Analysis: Democratic presidential campaigns score high on cybersecurity

Analysis: Democratic presidential campaigns score high on cybersecurity
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The Democratic presidential candidates are all doing well on securing their campaigns against cyberattacks, new research released Thursday indicated, highlighting the turnaround on the issue following attacks on the Democratic National Committee (DNC) and the presidential campaign of Democratic presidential nominee Hillary ClintonHillary Diane Rodham ClintonTrump, Biden set for tight battle in Florida We need to be 'One America,' the polling says — and the politicians should listen Poll shows Biden with 6-point edge on Trump in Florida MORE in 2016. 

IT security group SecurityScorecard detailed the cybersecurity improvements made by candidates in a new report, which found that the third-party groups used by campaigns to assist with cybersecurity also scored high in implementing cyber safeguards. 

All the candidates were overall judged to be doing well in cybersecurity, with everyone except Sen. Elizabeth WarrenElizabeth WarrenHillicon Valley: Schiff presses intel chief on staff changes | Warren offers plan to secure elections | Twitter's Jack Dorsey to donate B to coronavirus fight | WhatsApp takes steps to counter virus misinformation Warren releases plan to secure elections during coronavirus pandemic On The Money: Trump officials struggle to get relief loans out the door | Dow soars more than 1600 points | Kudlow says officials 'looking at' offering coronavirus bonds MORE (D-Mass.), Sen. Bernie SandersBernie SandersDrugmaker caps insulin costs at to help diabetes patients during pandemic The Hill's Campaign Report: Wisconsin votes despite coronavirus pandemic Sen. Brown endorses Biden for president MORE (I-Vt.) and former New York City Mayor Michael BloombergMichael BloombergNew York City auctioned off extra ventilators due to cost of maintenance: report DNC books million in fall YouTube ads Former Bloomberg staffer seeks class-action lawsuit over layoffs MORE scoring an A grade; those three all got a B.


The campaign of former Vice President Joe BidenJoe BidenTrump shakes up WH communications team The Hill's Campaign Report: Wisconsin votes despite coronavirus pandemic The Intercept's Ryan Grim says Cuomo is winning over critics MORE scored the highest, receiving a 97 out of 100. 

The company noted that a campaign given a B grade or higher was five times less likely to be breached by a cyberattack than campaigns with a C grade or lower.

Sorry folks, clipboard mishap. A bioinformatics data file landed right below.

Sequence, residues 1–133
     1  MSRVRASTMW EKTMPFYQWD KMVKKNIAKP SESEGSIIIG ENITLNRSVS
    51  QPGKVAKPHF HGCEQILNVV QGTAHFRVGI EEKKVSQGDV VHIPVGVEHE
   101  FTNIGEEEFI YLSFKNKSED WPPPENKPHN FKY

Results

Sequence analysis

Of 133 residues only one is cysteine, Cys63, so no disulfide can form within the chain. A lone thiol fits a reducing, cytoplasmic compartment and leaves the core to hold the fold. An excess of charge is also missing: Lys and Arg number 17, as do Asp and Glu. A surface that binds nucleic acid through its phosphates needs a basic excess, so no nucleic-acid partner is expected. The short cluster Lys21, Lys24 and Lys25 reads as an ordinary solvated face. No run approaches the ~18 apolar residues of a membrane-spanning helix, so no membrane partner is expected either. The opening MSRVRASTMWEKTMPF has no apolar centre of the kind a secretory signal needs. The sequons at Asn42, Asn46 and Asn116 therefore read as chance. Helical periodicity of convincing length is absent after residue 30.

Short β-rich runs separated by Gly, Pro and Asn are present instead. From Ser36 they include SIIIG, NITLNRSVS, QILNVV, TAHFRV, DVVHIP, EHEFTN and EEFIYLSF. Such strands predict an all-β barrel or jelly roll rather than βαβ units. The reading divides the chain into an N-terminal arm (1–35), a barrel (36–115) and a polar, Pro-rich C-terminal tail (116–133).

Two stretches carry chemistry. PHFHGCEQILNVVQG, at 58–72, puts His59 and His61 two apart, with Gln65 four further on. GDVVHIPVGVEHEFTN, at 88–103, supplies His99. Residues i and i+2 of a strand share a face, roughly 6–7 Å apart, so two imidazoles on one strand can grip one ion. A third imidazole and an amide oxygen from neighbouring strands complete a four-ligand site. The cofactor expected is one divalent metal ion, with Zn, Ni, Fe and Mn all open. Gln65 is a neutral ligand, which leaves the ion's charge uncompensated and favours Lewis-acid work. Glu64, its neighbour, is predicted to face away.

SecurityScorecard also assessed presidential campaigns for those who have since dropped out of the race, with the only major concerns found in the campaign of tech entrepreneur Andrew YangAndrew YangJack Dorsey committing billion to coronavirus relief efforts Campaigns face attack ad dilemma amid coronavirus crisis Andrew Yang: Calling coronavirus 'China virus' only used to incite 'hostility' MORE, where the company discovered an attack on a third party event management vendor used by his campaign that could have led to cyber vulnerabilities. 

SecurityScorecard cautioned that despite the improvements, no campaign should let down its guard and that some cyber hygiene problems were still an issue. 

“Although all signs point to candidates heeding the call of security experts, the landscape of cybersecurity changes daily, if not by the minute,” the company wrote. “No security professional ever feels their defenses, processes, or threat intelligence systems are flawless. Instead, it is a balance of continual improvements and risk analysis.”


SecurityScorecard wrote that it planned to do another report on the cybersecurity posture of the eventual 2020 Republican and Democratic nominees, as well as any third-party presidential nominees, once they are officially chosen. 

“Modern political campaigns have troves of personally identifiable information (PII) on voters, including historical voting records, registered party members, competitive intelligence, sensitive communications with heads of state and more,” SecurityScorecard wrote. “It is vitally important to the election process and the protection of voters’ data that political campaigns take cybersecurity seriously.”

The company hailed the results as encouraging given cyber intrusions by Russian agents during the 2016 presidential race. 

According to the report compiled by former special counsel Robert MuellerRobert (Bob) MuellerCNN's Toobin warns McCabe is in 'perilous condition' with emboldened Trump CNN anchor rips Trump over Stone while evoking Clinton-Lynch tarmac meeting The Hill's 12:30 Report: New Hampshire fallout MORE, Russian agents hacked into the email accounts of Clinton campaign staffers, including campaign chairman John Podesta, and stole thousands of emails. Russian actors also hacked into servers at the Democratic National Committee and the Democratic Congressional Campaign Committee. 

Experts have raised concerns ahead of the 2020 presidential election about the cybersecurity of campaigns. 

Former top officials, including two former Homeland Security secretaries, created the “U.S. CyberDome” last year designed to help presidential campaigns address cybersecurity, while private companies such as Cloudflare are offering free cyber assistance to presidential and congressional campaigns. 

These concerns were underlined in October, when Microsoft announced that Iranian cyber criminals had targeted a presidential campaign. Reuters later reported that it was President TrumpDonald John TrumpCDC updates website to remove dosage guidance on drug touted by Trump Trump says he'd like economy to reopen 'with a big bang' but acknowledges it may be limited Graham backs Trump, vows no money for WHO in next funding bill MORE's campaign but said the hacking attempt did not succeed.